Its murals on the walls take you on a journey through vintage movies, art and graffiti while electronic, house, hip hop and indie music keeps the pulses racing. With an impeccable sound system, The Block, close to Tel Aviv’s Central Bus Station, is considered by hardcore fans as a world-class destination for house and techno music. This multi-floored club is said to redefine the clubbing experience and spotlights household named DJs such as Guy Gerber and Solomun.
Minutes away, there is a completely different vibe in the charming Neve Tzedek, Tel Aviv’s first established neighborhood, you will find cobbled streets lined with designer shops, classy wine bars, romantic restaurants and colorful architecture.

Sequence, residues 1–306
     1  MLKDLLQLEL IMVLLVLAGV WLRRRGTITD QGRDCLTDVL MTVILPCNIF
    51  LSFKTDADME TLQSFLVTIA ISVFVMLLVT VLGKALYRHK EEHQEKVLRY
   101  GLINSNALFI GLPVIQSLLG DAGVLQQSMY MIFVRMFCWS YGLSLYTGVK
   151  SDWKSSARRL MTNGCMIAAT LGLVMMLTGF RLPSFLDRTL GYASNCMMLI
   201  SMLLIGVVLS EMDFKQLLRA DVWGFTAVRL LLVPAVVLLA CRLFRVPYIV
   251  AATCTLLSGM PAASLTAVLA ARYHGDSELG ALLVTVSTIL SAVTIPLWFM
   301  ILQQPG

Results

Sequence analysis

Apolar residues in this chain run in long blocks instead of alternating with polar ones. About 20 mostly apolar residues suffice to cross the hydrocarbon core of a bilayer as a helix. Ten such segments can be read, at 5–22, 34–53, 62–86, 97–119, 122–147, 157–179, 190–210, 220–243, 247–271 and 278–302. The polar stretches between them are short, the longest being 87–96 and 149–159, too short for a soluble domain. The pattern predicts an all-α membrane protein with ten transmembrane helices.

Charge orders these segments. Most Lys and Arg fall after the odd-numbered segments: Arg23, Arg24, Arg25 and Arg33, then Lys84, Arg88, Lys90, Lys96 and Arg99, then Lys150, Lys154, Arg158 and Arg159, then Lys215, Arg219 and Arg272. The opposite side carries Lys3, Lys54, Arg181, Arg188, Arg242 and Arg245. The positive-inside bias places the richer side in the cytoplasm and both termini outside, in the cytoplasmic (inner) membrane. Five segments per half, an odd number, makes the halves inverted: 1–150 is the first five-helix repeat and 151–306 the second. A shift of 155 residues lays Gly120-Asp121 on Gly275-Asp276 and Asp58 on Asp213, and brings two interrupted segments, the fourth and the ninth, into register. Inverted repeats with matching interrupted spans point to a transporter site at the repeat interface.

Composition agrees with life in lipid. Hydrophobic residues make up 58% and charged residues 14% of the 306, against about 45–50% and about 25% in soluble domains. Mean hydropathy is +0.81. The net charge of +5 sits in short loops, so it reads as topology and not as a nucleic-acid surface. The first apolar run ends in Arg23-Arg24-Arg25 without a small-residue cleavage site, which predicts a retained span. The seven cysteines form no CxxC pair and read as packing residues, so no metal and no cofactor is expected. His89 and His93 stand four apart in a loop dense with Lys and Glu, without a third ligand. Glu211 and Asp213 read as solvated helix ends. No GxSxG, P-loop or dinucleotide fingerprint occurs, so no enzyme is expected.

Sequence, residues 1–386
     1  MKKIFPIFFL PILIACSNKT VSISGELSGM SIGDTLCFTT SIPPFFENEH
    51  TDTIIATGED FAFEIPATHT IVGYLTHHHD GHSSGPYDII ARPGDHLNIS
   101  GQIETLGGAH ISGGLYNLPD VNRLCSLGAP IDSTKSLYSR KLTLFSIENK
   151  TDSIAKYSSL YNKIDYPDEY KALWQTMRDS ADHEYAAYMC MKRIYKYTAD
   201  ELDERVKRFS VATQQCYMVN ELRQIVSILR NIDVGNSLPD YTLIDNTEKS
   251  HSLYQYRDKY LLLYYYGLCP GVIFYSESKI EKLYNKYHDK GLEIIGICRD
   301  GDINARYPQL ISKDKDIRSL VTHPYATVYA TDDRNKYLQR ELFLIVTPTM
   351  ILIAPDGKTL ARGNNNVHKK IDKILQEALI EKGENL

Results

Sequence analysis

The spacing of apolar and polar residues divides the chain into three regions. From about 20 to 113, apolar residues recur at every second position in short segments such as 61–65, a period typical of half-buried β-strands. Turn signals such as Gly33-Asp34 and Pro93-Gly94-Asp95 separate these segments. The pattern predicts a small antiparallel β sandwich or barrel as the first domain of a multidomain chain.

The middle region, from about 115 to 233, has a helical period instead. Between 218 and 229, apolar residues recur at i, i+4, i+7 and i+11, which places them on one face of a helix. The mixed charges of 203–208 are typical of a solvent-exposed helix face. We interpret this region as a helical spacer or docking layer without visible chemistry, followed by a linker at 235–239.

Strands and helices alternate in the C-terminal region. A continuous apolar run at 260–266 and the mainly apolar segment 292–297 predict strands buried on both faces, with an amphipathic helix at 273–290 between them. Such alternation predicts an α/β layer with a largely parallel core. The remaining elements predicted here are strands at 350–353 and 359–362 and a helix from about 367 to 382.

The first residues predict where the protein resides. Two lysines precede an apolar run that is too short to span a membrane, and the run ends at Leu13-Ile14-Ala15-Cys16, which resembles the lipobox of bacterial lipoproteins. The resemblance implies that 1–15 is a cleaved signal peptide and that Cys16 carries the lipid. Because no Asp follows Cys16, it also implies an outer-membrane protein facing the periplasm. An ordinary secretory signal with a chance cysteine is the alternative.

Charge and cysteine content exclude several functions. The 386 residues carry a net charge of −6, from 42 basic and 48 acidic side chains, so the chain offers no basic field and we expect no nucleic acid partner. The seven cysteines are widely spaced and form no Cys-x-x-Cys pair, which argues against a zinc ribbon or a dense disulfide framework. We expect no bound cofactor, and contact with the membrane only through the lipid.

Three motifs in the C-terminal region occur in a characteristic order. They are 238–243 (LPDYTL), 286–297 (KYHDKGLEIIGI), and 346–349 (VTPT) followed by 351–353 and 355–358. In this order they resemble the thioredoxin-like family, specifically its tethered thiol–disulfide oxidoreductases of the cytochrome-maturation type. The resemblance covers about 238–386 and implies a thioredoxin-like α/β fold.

A calm oasis away from the hustle and bustle of central Tel Aviv. In the heart of Shabazi Street, Jajo Wine Bar delves visitors into the captivating and intriguing world of wine, offering workshops and wine courses at either this or the venue at Sarona market.
Nearby, the Wine Story enchants customers with a welcoming ambiance and an extensive list of boutique wines from Europe and Israel.
On the fringes of Neve Tzedek is the Rothschild Street, one of the most popular streets to experience. Ice cream parlors, cafes, restaurants and pubs watch on from the sides as locals, tourists, strollers, dog-walkers, skateboarders and families mix, mingle and go about their business under a lush canopy of green.